|author||John Voltz <email@example.com>||2008-03-07 13:34:02 +0000|
|committer||John Voltz <firstname.lastname@example.org>||2008-03-07 13:34:02 +0000|
HTMLized glibc vs uclibc and added to docs
Diffstat (limited to 'docs')
1 files changed, 240 insertions, 0 deletions
diff --git a/docs/Glibc_vs_uClibc.html b/docs/Glibc_vs_uClibc.html
new file mode 100644
@@ -0,0 +1,240 @@
+<!--#include file="header.html" -->
+<h2>uClibc vs. glibc</h2>
+ uClibc and Glibc are not the same -- there are a number of differences which
+ may or may not cause you problems. This document attempts to list these
+ differences and, when completed, will contain a full list of all relevant
+ <li>uClibc is smaller than glibc. We attempt to maintain a glibc compatible
+ interface, allowing applications that compile with glibc to easily compile with
+ uClibc. However, we do not include _everything_ that glibc includes, and
+ therefore some applications may not compile. If this happens to you, please
+ report the failure to the uclibc mailing list, with detailed error messages.
+ <li>uClibc is much more configurable then glibc. This means that a developer
+ may have compiled uClibc in such a way that significant amounts of
+ functionality have been omitted.
+ <li>uClibc does not even attempt to ensure binary compatibility across releases.
+ When a new version of uClibc is released, you may or may not need to recompile
+ all your binaries.
+ <li><ul><li> malloc(0) in glibc returns a valid pointer to something(!?!?) while in
+ uClibc calling malloc(0) returns a NULL. The behavior of malloc(0) is listed
+ as implementation-defined by SuSv3, so both libraries are equally correct.
+ This difference also applies to realloc(NULL, 0). I personally feel glibc's
+ behavior is not particularly safe. To enable glibc behavior, one has to
+ explicitly enable the MALLOC_GLIBC_COMPAT option.
+ glibc's malloc() implementation has behavior that is tunable via the
+ MALLOC_CHECK_ environment variable. This is primarily used to provide extra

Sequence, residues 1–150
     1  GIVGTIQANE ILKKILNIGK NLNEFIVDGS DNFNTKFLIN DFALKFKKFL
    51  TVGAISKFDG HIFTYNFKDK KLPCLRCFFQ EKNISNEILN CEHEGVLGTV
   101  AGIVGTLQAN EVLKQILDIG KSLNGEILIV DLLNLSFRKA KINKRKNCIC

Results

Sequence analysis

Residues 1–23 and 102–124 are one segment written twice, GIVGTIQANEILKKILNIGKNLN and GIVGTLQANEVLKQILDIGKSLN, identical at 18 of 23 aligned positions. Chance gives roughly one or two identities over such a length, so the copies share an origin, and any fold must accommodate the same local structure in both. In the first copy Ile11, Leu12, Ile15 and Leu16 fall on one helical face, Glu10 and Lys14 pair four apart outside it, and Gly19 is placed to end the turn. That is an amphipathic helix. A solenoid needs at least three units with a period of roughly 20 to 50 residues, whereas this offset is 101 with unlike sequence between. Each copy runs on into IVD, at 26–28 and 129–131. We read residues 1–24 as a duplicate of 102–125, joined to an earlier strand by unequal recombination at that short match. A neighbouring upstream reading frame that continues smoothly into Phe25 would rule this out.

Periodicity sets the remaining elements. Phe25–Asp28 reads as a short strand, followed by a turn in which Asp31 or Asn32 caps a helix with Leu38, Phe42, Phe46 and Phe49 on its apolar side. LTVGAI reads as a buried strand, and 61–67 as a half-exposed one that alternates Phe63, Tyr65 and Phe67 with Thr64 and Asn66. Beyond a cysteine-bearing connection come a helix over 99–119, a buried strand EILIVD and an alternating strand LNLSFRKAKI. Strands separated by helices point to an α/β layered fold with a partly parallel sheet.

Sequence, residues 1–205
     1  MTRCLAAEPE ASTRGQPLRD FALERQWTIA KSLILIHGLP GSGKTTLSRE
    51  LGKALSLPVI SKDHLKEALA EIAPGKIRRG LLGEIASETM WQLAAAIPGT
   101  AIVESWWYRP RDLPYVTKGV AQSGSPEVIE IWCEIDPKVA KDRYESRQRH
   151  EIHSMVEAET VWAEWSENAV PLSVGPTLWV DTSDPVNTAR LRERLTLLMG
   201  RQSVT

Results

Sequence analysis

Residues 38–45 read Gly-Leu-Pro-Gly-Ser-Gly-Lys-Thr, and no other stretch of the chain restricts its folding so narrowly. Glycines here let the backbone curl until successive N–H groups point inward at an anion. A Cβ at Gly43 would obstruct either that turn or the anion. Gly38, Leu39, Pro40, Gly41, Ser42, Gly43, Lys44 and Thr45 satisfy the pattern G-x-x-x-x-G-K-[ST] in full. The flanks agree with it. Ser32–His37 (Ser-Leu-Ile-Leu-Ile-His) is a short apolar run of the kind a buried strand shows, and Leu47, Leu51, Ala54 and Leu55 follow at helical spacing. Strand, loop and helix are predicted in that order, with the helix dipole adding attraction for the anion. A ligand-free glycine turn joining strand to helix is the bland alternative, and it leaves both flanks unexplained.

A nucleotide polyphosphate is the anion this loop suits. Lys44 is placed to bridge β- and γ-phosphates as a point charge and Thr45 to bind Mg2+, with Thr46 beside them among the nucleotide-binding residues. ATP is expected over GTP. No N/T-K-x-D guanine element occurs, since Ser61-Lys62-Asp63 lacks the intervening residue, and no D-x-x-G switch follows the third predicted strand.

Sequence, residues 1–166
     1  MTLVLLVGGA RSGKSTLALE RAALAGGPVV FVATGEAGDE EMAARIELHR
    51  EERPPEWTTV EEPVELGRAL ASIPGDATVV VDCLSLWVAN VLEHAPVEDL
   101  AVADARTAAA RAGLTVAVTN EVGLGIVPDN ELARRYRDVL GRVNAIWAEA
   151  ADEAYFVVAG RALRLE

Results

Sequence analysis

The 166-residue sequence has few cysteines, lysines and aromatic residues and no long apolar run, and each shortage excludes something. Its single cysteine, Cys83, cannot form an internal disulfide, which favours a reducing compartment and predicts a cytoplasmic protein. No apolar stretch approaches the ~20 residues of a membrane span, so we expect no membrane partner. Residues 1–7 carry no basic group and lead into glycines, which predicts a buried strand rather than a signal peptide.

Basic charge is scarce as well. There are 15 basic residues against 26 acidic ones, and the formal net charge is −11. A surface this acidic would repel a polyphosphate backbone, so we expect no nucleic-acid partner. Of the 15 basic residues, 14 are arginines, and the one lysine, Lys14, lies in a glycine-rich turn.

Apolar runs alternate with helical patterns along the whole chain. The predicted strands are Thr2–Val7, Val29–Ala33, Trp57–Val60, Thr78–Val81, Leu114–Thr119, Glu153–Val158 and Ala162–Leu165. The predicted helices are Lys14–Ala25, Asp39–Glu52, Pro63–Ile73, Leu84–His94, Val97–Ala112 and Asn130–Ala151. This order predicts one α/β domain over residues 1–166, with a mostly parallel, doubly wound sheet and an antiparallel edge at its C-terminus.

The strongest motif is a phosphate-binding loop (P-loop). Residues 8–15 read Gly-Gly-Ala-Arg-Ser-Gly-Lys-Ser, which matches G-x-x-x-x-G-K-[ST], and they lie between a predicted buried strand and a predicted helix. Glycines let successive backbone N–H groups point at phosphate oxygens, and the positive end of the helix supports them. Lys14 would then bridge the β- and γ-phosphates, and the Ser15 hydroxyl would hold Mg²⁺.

+ malloc debugging features. These extended malloc debugging features are not
+ available within uClibc. There are many good malloc debugging libraries
+ available for Linux (dmalloc, electric fence, valgrind, etc) that work much
+ better than the glibc extended malloc debugging. So our omitting this
+ functionality from uClibc is not a great loss.
+ <li>uClibc does not provide a database library (libdb).
+ <li>uClibc does not support NSS (/lib/libnss_*), which allows glibc to easily
+ support various methods of authentication and DNS resolution. uClibc only
+ supports flat password files and shadow password files for storing
+ authentication information. If you need something more complex than this,
+ you can compile and install pam.
+ <li>uClibc's libresolv is only a stub. Some, but not all of the functionality
+ provided by glibc's libresolv is provided internal to uClibc. Other functions
+ are not at all implemented.
+ <li>libnsl provides support for Network Information Service (NIS) which was
+ originally called "Yellow Pages" or "YP", which is an extension of RPC invented
+ by Sun to share Unix password files over the network. I personally think NIS
+ is an evil abomination and should not be used. These days, using ldap is much
+ more effective mechanism for doing the same thing. uClibc provides a stub
+ libnsl, but has no actual support for Network Information Service (NIS).
+ We therefore, also do not provide any of the headers files provided by glibc
+ under /usr/include/rpcsvc.
+ <li>uClibc's locale support is not 100% complete yet. We are working on it.
+ <li>uClibc's math library only supports long double as inlines, and even
+ then the long double support is quite limited. Also, very few of the
+ float math functions are implemented. Stick with double and you should
+ be just fine.
+ <li>uClibc's libcrypt does not support the reentrant crypt_r, setkey_r and
+ encrypt_r, since these are not required by SuSv3.
+ <li>uClibc directly uses kernel types to define most opaque data types.
+ <li>uClibc directly uses the linux kernel's arch specific 'stuct stat'.
+ <li>uClibc's librt library currently lacks all aio routines, all clock
+ routines, and all shm routines (only the timer routines and the mq
+ routines are implemented).
+ Some general comments...<br>
+ The intended target for all my uClibc code is ANSI/ISO C99 and SUSv3
+ compliance. While some glibc extensions are present, many will eventually
+ be configurable. Also, even when present, the glibc-like extensions may
+ differ slightly or be more restrictive than the native glibc counterparts.
+ They are primarily meant to be porting _aides_ and not necessarily
+ drop-in replacements.
+Now for some details...<br><br>
+<li>Leap seconds are not supported.</li><br>
+<li>/etc/timezone and the whole zoneinfo directory tree are not supported.
+ To set the timezone, set the TZ environment variable as specified in
+ or you may also create an /etc/TZ file of a single line, ending with a
+ newline, containing the TZ setting. For example
+ echo CST6CDT > /etc/TZ
+<li>Currently, locale specific eras and alternate digits are not supported.
+ They are on my TODO list.
+<u>wide char support</u><br>
+<li>The only multibyte encoding currently supported is UTF-8. The various
+ ISO-8859-* encodings are (optionally) supported. The internal
+ representation of wchar's is assumed to be 31 bit unicode values in
+ native endian representation. Also, the underlying char encoding is
+ assumed to match ASCII in the range 0-0x7f.